Your restaurant doesn’t have to feature French cuisine to adopt a few French habits. In terms of form and substance, there are variations in the French style as compared to American fare which adds to the overall experience and enjoyment. Adopt a few of their practices and gauge their effectiveness in your restaurant.
French cuisine is marked by its attention to quality as opposed to quantity. For example, if you walk into an American McDonald’s, you have the option to get huge portions of everything from your drink to your cheeseburger. In France, portion sizes are smaller, and there are healthier options, such as french-fry sliced cucumber and an extensive salad bar. Nutrition plays an important role. The emphasis is on the quality not the quantity.
Further, as the focus is on the quality and not the quantity, it is necessary that the small portions of whatever you are ordering are highly enjoyable. To continue with the McDonald’s example, in France, they offer different types of French fries, and they all lack the artificial flavor found in the American version. The french fries in France taste like they came from potatoes. Flavor and consistency are important. Don’t rely on artificial flavors to hook your client base. Sooner or later, they or their doctor will grow wise and restrict their consumption of your food.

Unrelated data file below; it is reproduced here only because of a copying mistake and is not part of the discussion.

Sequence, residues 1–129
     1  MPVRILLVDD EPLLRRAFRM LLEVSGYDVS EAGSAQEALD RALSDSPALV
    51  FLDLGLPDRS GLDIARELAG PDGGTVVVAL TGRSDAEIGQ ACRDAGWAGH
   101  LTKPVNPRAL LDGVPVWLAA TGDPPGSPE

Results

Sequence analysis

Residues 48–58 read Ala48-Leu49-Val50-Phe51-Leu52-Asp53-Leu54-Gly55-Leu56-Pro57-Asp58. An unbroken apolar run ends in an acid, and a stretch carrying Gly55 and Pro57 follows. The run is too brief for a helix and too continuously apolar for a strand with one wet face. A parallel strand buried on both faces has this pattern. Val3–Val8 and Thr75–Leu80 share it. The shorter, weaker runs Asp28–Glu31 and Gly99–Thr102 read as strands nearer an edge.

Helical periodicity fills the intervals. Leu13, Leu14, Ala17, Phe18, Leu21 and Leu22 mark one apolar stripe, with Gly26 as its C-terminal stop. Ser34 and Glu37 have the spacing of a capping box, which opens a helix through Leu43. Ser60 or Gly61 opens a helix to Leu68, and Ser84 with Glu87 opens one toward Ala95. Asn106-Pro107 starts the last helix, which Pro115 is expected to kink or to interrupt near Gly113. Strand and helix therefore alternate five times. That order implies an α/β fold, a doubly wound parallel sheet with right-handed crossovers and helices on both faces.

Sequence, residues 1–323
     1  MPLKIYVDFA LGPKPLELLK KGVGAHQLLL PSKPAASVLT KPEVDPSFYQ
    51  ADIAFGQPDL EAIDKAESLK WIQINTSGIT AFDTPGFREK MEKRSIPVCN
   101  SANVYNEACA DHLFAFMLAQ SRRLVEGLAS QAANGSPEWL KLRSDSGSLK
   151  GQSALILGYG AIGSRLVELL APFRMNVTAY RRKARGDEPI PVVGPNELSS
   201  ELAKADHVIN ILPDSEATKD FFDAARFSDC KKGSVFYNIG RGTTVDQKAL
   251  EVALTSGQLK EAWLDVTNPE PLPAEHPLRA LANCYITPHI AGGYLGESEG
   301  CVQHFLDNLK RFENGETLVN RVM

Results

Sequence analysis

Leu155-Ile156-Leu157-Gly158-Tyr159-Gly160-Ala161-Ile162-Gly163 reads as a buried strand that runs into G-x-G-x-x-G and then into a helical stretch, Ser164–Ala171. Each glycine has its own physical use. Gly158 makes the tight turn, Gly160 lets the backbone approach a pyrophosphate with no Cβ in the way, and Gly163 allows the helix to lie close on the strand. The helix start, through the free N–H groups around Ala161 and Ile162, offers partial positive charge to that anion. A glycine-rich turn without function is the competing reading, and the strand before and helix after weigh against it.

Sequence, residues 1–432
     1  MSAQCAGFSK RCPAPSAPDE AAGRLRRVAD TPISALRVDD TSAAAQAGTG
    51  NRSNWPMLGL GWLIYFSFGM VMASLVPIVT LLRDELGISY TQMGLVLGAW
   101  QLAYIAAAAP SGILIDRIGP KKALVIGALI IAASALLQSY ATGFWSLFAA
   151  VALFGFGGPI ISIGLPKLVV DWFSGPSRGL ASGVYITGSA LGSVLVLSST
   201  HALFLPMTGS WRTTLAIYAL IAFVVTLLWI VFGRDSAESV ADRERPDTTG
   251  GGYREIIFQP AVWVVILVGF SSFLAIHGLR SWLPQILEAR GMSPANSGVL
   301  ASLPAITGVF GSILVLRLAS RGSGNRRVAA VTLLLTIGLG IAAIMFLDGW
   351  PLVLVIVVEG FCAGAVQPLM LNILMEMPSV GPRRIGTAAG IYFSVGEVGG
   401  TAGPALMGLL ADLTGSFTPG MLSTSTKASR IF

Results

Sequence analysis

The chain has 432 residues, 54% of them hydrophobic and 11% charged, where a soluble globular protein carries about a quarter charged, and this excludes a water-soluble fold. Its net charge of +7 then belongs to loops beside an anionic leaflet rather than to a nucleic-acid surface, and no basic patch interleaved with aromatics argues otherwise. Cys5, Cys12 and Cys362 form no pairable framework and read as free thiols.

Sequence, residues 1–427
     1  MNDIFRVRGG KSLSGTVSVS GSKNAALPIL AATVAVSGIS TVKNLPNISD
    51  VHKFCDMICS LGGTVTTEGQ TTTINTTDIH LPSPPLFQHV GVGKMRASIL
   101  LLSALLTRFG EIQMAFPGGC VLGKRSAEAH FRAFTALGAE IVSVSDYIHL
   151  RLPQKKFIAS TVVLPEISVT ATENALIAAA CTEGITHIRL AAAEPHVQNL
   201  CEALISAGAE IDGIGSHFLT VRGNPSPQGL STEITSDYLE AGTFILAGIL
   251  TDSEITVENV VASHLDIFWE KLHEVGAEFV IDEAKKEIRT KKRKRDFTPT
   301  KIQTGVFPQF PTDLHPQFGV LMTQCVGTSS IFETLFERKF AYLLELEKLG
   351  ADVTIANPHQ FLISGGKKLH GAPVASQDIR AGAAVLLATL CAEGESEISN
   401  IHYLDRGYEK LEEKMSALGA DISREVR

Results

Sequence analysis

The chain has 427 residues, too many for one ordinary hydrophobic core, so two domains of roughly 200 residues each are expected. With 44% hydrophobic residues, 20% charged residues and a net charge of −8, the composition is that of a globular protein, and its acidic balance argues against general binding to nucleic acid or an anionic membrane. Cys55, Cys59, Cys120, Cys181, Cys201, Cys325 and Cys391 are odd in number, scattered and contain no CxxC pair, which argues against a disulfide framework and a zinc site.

Pervasive throughout the French culture, is a strong self-confidence. The French identity is certain of itself and presents itself proudly. This is evident even in their cuisine. You should be proud of your restaurant. The tone with which you and your staff do business will affect your guest’s experience.
The author is not encouraging you to abandon the established identity of your restaurant. Rather, there are a few practices commonly found in French restaurants which can benefit any establishment. Bon appetit!
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